We are thrilled that our first pair of scientists is Drs. Carol Carter, Professor of Microbiology and Immunology, SUNY Stony Brook and Sebla Kutluay, Assistant Professor of Molecular Microbiology, Washington University, St. Louis.
To the next generation researchers, Dr. Carter notes that being both a gender and ethnic “double minority” in academic research, brings both overt and covert hurdles and challenges, but also provides a unique opportunity to attain a network of friends and supporters who are highly diverse in gender, ethnicity and geographical origin. She believes they provide her with perspectives that broaden her both scientifically and personally.
Sebla Kutluay: Such a pleasure to be having this inaugural interview series with you today. Let’s start with learning a bit about your background, in particular whether you were always into science, chasing animals in your backyard as a kid maybe?
Carol Carter: Oh no, absolutely not! I always think that one of the reasons why I became a “micro”biologist was because I definitely was not into chasing animals. Even the deer in my backyard, I’d like them at the zoo, but not really in my backyard. As a first year graduate student, I had a very lucrative job paying $8/hr working for a couple of immunologists to gather ascites fluid. At that time, $8/hr was considered “big bucks”. When a mouse got sick, the littermates would hide him/her underneath the straw. So you can imagine that there were many traumatic moments when I discovered half-eaten body pieces and that really solidified which biological systems I would ultimately choose to work on, viruses, cells, etc. in other words, basic science…
SK: And a virus that does not have a good animal model… So then, when did you first realize that you wanted to become a scientist?
CC: Well, really I have to say that there was probably some priming done, as one of my earliest recollections is the encouragement received from an elementary school teacher that I had for the 4th, 5th and 6th grades. He used to give me old books that the library was getting rid of. One of them was called “The Book of Inventions”. It was tattered and had a brown hard cover. It was absolutely fascinating to read about the way people stumbled onto the things that they discovered. So, I would say there was some priming early on and then in high school that maybe got more focused.
SK: So then, if you hadn’t gotten those books, what would you have become?
CC: My family teases me because one of the things I love to do is to sing. But the thing about it is and the reason my family teases me is because I can’t sing! The other thing I love to do is to play the piano. And I bought one. But another thing I can’t do is play the piano. I definitely don’t have the time to practice. I keep promising them that “when I retire”, I am going to learn how to play the piano. But of course that’s ridiculous as I will probably have arthritic fingers!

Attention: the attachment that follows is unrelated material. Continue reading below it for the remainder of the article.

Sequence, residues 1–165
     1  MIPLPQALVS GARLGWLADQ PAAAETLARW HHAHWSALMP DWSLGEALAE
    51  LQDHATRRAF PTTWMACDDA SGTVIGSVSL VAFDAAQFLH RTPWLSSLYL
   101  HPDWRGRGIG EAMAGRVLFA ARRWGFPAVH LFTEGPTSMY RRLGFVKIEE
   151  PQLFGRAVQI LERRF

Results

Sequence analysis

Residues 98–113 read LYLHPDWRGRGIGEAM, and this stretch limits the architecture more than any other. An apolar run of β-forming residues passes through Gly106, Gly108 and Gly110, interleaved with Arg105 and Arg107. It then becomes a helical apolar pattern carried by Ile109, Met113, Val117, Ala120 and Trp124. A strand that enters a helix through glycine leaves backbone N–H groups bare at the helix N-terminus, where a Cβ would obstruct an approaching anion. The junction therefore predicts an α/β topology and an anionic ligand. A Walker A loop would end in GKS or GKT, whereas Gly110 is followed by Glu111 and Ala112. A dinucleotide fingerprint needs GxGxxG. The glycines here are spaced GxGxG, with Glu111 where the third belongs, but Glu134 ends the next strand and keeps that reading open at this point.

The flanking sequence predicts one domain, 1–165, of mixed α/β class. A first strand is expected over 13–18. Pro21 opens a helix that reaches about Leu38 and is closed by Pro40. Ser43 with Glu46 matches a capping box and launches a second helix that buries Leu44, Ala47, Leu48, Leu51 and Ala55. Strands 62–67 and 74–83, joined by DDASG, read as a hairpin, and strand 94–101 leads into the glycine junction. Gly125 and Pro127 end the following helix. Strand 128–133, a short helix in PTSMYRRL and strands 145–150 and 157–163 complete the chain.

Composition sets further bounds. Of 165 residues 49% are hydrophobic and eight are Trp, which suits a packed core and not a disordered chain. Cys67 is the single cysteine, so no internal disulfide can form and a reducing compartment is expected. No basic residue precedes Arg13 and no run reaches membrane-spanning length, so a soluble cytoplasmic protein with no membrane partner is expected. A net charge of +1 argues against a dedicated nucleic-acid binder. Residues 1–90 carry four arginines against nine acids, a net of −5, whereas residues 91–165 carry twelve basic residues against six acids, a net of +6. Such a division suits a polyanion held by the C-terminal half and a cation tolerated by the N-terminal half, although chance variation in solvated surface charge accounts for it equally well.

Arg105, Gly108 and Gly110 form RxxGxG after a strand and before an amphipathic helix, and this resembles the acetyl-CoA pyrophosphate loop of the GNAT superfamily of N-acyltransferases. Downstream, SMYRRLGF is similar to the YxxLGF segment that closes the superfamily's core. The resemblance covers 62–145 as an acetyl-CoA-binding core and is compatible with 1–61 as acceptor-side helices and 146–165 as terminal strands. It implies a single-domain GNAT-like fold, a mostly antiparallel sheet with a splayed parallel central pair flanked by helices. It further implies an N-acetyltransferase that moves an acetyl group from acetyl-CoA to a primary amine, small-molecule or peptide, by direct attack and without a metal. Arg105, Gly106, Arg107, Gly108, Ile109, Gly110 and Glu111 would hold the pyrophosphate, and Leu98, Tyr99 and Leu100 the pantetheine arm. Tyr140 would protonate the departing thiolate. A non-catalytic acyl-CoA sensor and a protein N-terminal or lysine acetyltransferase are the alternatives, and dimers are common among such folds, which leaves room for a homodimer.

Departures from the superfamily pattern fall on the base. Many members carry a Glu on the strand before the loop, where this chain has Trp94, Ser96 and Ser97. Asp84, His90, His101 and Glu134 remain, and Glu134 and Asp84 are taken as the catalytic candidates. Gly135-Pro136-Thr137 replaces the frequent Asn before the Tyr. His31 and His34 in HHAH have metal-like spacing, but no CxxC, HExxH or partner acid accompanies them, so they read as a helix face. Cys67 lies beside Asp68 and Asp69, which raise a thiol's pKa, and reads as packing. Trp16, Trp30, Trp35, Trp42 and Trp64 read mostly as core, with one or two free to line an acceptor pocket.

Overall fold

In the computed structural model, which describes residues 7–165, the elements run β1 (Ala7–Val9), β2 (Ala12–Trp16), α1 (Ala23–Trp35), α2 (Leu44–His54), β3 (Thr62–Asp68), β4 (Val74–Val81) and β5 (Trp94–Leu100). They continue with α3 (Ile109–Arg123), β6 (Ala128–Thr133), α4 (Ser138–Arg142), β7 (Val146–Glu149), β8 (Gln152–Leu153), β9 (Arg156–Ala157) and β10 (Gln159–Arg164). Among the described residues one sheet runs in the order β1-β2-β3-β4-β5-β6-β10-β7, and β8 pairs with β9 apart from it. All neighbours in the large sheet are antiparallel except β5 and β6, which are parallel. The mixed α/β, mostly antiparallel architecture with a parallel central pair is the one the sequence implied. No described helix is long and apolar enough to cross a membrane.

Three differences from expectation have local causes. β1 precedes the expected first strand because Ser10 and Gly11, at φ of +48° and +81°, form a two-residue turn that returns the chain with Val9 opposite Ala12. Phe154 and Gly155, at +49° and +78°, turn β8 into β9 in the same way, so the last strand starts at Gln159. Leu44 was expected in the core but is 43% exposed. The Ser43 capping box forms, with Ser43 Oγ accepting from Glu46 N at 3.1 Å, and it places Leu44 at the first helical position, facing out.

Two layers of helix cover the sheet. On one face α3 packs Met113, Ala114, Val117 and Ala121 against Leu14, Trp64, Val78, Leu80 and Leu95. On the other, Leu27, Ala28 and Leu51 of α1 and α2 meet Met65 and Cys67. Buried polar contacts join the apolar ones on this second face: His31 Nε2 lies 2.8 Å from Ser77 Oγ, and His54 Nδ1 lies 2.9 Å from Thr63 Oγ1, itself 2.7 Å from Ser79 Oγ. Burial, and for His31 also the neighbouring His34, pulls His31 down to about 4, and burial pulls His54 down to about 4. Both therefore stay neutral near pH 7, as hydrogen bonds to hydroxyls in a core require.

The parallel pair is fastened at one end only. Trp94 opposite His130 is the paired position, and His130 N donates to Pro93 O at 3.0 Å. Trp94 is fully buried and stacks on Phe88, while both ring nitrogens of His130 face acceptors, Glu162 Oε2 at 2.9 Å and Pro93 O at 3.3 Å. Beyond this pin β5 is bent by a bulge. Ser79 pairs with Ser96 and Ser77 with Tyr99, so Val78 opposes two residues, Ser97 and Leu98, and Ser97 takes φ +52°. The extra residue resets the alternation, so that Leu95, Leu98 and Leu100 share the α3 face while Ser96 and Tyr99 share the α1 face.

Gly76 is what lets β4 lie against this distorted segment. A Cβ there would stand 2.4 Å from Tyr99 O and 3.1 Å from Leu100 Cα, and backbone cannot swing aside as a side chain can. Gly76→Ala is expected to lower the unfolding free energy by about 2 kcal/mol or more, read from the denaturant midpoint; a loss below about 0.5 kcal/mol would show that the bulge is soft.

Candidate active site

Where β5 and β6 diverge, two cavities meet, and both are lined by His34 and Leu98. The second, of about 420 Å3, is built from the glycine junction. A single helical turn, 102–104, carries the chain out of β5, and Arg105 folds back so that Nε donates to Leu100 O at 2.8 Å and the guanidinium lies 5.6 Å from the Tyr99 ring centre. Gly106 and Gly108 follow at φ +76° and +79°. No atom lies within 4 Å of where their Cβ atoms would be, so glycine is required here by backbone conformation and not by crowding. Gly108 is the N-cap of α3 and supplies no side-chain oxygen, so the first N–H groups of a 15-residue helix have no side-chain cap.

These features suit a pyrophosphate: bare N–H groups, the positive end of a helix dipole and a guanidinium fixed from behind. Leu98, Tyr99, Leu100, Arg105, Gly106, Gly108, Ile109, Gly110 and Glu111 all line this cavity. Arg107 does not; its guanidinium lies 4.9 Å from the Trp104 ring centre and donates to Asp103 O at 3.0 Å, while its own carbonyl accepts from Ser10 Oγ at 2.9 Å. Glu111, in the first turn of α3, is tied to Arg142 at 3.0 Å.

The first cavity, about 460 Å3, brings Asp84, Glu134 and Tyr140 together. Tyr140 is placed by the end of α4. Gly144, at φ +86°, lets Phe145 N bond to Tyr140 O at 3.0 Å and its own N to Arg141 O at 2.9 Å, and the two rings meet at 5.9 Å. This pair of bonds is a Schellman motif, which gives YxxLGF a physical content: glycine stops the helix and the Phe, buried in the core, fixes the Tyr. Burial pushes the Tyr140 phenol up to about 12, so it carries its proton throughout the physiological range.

SK: That’s funny as I always also tell people that if I were not a scientist and had talent, I would become a singer! At least you didn’t say you would become a doctor.
CC: Oh, no way! I mean, between the glamor gowns and the fun, what better profession would there be? As a matter of fact, my first year of graduate school was as much a fun year as it was an unusual year. It was the first time Yale had admitted a graduate class of 6 girls and only 1 boy as opposed to the other way round. So we definitely bonded and we are still friends today (Fig. 3). We put on a first year talent show where we substituted science lyrics for verses in The Sound of Music: We cast our department chair as the autocratic but kind Baron von Trapp and our faculty as the von Trapp children. It was great fun because it let me do all the things I like doing!
SK: We heard about your motives getting into microbiology, but tell us more about how you got into virology, retrovirology and HIV over the years.
CC: I started off studying bacteriophage because I found phage super fascinating but I really didn’t get along with my first advisor in graduate school. When I went to the chair of the department and told him that I had to get out of that lab, he considered me a heretic but permitted me to do so. So, for my second advisor, I chose a person who was 180 degrees different from the first one in just about every aspect.
The most pertinent attributes were (1), he was a seasoned animal virologist – an epidemiologist who studied measles virus infections in indigenous populations in Brazil – who wanted to expand to basic virological research and (2), he was very game and adventuresome. He took me to meetings with him and he introduced me to his peers, who were senior faculty, exposing me to people whose names were in the textbooks of that time! And I think that he was very indulgent in letting me read the literature and figure out how to ask questions.
One of the people he introduced me to, who was critical to my becoming an animal virologist, was Matthew Scharff at Albert Einstein University, now a member of the National Academy. Matty Scharff introduced the field to HeLa cells for cultivating animal viruses. As a postdoc, I was very interested in reoviruses because they were so unique with their double stranded RNA genome so I joined the laboratory of Aaron Shatkin. Fortunately for me, it was after I had achieved tenure to Associate Professor that the funding for reoviruses got very difficult because, although they were really interesting because of the double strandedness of the RNA, they did not cause any widespread disease. I knew it was time to switch fields when a NIH Program Officer to whom I had whined about funding said to me (and I quote), “Carol, NIH is in the business of funding health, not interesting science”. Lol.